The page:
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Garth Crooks’ team of the week: Maguire, Pogba, Sterling, Kane

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Champions Manchester City began the defence of their Premier League title with a thumping 5-0 win at West Ham, with last season’s runners-up Liverpool beating newly-promoted Norwich 4-1.

Frank Lampard’s first league game in charge of Chelsea ended in a heavy 4-0 defeat at Manchester United and Arsenal secured a narrow 1-0 win at Newcastle.

Tottenham won 3-1 against Aston Villa, while Burnley and Brighton also scored three goals each in wins over Southampton and Watford respectively.

Sheffield United began life back in the Premier League with a 1-1 draw at Bournemouth, Crystal Palace and Everton ended goalless as did Leicester against Wolves.

Here’s my team of the week – have a read and select your own below.

Goalkeeper – Ederson (Manchester City)

This keeper has nerves of steel. Quite apart from playing passes with his feet inches from his goalline, Ederson is very capable of making match-winning saves.

The Brazil international hardly touched the ball for 60 minutes against West Ham but was then called upon to make two fantastic saves from Javier Hernandez – the second of which I thought was world class.

I adore his audacity but not his neck tattoo. I’m not sure what that’s about?

Did you know? Ederson made three saves against West Ham and completed 27 passes, more than any other keeper over the opening weekend of the Premier League season.

Defenders – Lewis Dunk (Brighton), Virgil van Dijk (Liverpool), Harry Maguire (Man Utd)

Lewis Dunk: This was a magnificent performance by Brighton’s Lewis Dunk against a Watford side who didn’t seem to realise the season had actually started. The clearance off the line by Dunk was typical of his ability to see the danger.

I knew Dunk could defend but I didn’t know he was capable of delivering such a defence-splitting pass for the likes of Neal Maupay. What a ball! The display by Dunk epitomised a Brighton performance that surprised the hell out of me.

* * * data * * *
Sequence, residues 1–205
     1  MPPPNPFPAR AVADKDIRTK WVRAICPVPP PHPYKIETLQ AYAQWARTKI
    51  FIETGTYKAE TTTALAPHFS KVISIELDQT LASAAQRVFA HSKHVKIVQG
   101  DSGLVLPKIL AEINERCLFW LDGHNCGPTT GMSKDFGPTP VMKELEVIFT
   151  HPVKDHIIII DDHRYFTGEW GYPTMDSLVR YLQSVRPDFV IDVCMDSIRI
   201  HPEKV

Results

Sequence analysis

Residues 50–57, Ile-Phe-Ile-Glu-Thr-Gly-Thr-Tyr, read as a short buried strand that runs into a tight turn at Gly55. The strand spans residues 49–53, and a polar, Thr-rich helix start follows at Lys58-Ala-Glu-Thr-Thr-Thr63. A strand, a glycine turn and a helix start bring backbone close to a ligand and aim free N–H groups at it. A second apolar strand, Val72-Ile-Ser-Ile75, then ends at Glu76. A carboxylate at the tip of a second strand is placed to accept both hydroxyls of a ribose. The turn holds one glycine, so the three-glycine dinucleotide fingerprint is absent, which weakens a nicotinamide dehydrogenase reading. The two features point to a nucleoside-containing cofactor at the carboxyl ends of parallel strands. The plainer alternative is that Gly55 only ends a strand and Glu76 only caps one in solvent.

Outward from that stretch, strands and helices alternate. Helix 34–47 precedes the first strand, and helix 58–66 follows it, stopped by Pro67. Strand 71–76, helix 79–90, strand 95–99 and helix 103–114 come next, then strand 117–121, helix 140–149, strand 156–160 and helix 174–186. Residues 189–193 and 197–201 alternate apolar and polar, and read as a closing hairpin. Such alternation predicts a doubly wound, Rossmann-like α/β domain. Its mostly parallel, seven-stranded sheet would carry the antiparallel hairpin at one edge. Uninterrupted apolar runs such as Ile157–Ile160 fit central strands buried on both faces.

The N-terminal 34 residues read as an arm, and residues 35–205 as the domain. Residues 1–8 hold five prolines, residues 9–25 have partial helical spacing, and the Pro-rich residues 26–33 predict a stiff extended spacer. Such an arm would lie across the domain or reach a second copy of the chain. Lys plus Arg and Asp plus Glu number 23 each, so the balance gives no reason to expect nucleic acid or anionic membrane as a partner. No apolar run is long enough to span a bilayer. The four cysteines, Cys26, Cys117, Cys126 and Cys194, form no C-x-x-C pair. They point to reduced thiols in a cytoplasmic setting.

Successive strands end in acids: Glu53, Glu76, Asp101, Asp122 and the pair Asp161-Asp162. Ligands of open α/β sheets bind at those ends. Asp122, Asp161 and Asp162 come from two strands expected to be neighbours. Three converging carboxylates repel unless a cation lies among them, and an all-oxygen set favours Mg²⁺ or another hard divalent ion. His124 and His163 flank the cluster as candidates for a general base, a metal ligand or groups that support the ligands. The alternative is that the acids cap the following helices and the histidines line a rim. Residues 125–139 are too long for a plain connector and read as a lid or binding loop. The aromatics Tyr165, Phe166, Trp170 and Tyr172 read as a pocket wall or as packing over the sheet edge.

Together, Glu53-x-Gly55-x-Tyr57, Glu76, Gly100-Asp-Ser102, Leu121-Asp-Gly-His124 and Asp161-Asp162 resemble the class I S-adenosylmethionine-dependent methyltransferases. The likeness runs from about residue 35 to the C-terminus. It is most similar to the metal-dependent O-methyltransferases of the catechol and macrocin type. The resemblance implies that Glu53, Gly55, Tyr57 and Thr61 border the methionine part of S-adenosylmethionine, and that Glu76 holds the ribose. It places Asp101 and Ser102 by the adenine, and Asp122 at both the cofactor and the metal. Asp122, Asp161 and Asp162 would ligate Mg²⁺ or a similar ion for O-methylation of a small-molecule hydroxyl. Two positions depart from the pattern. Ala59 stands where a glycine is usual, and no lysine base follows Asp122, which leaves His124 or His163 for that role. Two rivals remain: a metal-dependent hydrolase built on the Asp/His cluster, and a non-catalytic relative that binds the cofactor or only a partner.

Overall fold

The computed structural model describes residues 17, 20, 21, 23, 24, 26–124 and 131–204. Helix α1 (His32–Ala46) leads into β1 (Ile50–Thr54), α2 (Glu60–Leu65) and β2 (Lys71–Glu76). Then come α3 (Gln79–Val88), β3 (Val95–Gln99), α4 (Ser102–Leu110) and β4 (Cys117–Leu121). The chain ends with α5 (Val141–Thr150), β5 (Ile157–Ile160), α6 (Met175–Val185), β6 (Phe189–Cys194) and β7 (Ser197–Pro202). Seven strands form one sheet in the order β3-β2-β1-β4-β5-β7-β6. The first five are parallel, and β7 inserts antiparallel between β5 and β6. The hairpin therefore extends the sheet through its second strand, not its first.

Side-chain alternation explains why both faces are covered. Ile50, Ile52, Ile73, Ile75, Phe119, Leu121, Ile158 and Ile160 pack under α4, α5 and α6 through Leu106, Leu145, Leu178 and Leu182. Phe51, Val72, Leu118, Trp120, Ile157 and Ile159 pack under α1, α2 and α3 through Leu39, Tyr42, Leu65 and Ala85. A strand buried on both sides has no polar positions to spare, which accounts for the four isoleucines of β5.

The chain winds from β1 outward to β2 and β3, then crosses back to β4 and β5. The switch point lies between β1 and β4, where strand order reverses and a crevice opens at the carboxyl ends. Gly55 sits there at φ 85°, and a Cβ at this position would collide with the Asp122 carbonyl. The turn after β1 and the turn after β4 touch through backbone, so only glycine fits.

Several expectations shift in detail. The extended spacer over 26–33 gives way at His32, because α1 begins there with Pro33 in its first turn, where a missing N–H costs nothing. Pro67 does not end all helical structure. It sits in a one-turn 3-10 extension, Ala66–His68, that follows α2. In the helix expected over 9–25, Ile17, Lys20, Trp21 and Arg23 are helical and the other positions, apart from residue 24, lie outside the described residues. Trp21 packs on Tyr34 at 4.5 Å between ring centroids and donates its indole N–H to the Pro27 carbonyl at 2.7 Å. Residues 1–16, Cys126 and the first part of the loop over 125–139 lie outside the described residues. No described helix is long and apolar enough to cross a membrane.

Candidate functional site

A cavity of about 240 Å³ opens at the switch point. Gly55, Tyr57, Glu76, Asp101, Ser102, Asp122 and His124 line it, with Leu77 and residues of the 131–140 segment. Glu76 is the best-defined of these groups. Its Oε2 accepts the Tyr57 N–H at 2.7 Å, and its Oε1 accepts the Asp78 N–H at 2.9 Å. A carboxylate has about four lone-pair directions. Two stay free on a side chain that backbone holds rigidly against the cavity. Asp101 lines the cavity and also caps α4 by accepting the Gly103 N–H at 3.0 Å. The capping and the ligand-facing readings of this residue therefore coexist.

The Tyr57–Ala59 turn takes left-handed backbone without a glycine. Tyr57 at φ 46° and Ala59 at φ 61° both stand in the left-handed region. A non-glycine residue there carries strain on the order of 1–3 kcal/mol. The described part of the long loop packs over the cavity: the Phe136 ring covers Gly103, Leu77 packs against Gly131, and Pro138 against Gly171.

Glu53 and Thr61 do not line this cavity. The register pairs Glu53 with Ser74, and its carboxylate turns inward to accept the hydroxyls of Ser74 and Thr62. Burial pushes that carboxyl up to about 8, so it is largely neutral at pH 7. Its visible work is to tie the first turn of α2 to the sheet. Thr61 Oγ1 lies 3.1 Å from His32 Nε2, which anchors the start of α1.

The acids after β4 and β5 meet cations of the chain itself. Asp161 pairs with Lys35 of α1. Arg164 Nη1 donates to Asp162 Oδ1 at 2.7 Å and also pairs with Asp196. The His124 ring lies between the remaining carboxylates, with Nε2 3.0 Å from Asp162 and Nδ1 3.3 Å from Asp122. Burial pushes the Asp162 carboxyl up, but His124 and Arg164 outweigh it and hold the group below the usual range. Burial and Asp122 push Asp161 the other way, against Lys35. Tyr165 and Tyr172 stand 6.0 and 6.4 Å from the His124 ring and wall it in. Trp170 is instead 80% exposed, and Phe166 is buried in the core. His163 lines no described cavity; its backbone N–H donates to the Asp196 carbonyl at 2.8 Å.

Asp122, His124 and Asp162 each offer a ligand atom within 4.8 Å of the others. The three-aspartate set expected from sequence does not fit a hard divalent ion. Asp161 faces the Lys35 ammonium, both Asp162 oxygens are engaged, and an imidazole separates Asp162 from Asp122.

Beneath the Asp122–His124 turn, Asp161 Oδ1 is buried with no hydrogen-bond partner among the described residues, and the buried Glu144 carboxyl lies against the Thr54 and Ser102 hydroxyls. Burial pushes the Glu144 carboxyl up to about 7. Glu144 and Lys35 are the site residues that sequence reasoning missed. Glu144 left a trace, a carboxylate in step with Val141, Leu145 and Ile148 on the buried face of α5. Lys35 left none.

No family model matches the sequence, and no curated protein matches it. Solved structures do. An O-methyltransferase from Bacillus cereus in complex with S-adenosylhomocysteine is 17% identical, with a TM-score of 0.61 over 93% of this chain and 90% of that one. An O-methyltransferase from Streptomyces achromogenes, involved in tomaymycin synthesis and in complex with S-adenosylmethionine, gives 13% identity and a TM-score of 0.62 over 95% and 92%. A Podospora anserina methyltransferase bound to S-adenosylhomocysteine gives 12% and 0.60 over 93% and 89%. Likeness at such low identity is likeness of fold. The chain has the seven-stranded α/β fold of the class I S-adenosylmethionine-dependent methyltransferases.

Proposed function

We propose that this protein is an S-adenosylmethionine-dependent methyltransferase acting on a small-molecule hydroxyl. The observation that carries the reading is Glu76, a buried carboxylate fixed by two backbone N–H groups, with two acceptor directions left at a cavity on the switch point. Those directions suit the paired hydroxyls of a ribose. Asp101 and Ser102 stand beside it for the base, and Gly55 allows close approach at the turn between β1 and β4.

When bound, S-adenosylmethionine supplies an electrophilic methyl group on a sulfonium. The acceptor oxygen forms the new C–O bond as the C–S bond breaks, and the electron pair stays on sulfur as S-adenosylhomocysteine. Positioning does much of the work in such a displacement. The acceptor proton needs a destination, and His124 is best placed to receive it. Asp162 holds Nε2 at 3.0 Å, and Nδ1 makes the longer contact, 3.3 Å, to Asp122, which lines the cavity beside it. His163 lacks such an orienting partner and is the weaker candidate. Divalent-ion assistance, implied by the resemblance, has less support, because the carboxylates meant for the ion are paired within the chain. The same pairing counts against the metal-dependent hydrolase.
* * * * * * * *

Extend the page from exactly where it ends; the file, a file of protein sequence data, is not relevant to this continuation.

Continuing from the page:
Did you know? In addition to helping his side to a clean sheet, Dunk completed more passes (54) than any other Brighton player against Watford, also making two tackles, three clearances and two interceptions.

Virgil van Dijk: Liverpool’s Virgil van Dijk is fast becoming as imposing a figure in the opposition penalty area as he is in his own.

The beautiful lofted pass for Joel Matip to score in the Community Shield along with his headed goal against Norwich – where not one Canaries player could shift or compete with the presence of this colossus – proves the point.

Van Dijk was one of the few star performers in an otherwise dull Champions League final and should, in my view, win this year’s Ballon d’Or.

Not since Fabio Cannavaro lifted the World Cup for Italy has a defender won this illustrious award. It’s time Van Dijk did.

Did you know? Van Dijk made more interceptions (five) than any other player in Liverpool’s win over Norwich and also made three clearances, more than any of his team-mates in the match.

Harry Maguire: As far as debuts go, this was as calm and composed as it gets. I must be honest, I thought the £80m paid by Manchester United for him was a joke.

Having seen his performance against Chelsea, I’m beginning to think otherwise. If ever there was a day for the defender to simply stick to what he was good at, and not attempt any heroics, then this was it.

Maguire stuck to the script brilliantly. The England international looked commanding.

Did you know? Maguire won 71% of his seven duels against Chelsea, while also making a match-high seven clearances to help his side to a 4-0 win.

Midfielders – Kevin de Bruyne (Man City), Paul Pogba (Man Utd), Tanguy Ndombele (Spurs), Raheem Sterling (Man City)

Kevin de Bruyne: While VAR spends its entire time looking for potential red cards and flaws in the game, those of us at home or in the stadium are screaming: what for!? VAR is a scientific method designed to help the referees arrive at the right decision, not give supporters a heart attack!

Meanwhile, Kevin de Bruyne played on against West Ham completely undeterred by the technology, although VAR did try its utmost to undermine so much of his work.

De Bruyne opened up the Hammers’ defence almost at will, only to see the most wonderfully-crafted goal for Gabriel Jesus chalked off. VAR may have been right but what a killjoy.

Did you know? Since his Premier League debut for Manchester City in September 2015, only Tottenham’s Christian Eriksen (49) has more assists in the competition than De Bruyne (46).

Paul Pogba: It has not been an easy summer for Paul Pogba. The France international has been the subject of much speculation about where he might start the season and whether he is happy at Manchester United.

Well, if his performance against Chelsea is anything to go by I can’t understand what all the fuss is about.

After a sluggish start, the United playmaker absolutely destroyed any aspirations Frank Lampard may have had during this fixture with two scintillating passes. The Chelsea manager now has a few days to contemplate whether he invested too much faith in youth and not enough in experience at Old Trafford.

If he loses the Uefa Super Cup against Liverpool on Wednesday and Chelsea’s first home game against Leicester next Sunday, there will be murmurings.

Did you know? Pogba has been directly involved in 18 Premier League goals – 10 goals and eight assists – since Ole Gunnar Solskjaer took charge of Manchester United.

Tanguy Ndombele: So what do Spurs have here? I’ve seen Moussa Dembele, Eric Dier and Victor Wanyama make promising starts at White Hart Lane but none of them started like Tanguy Ndombele.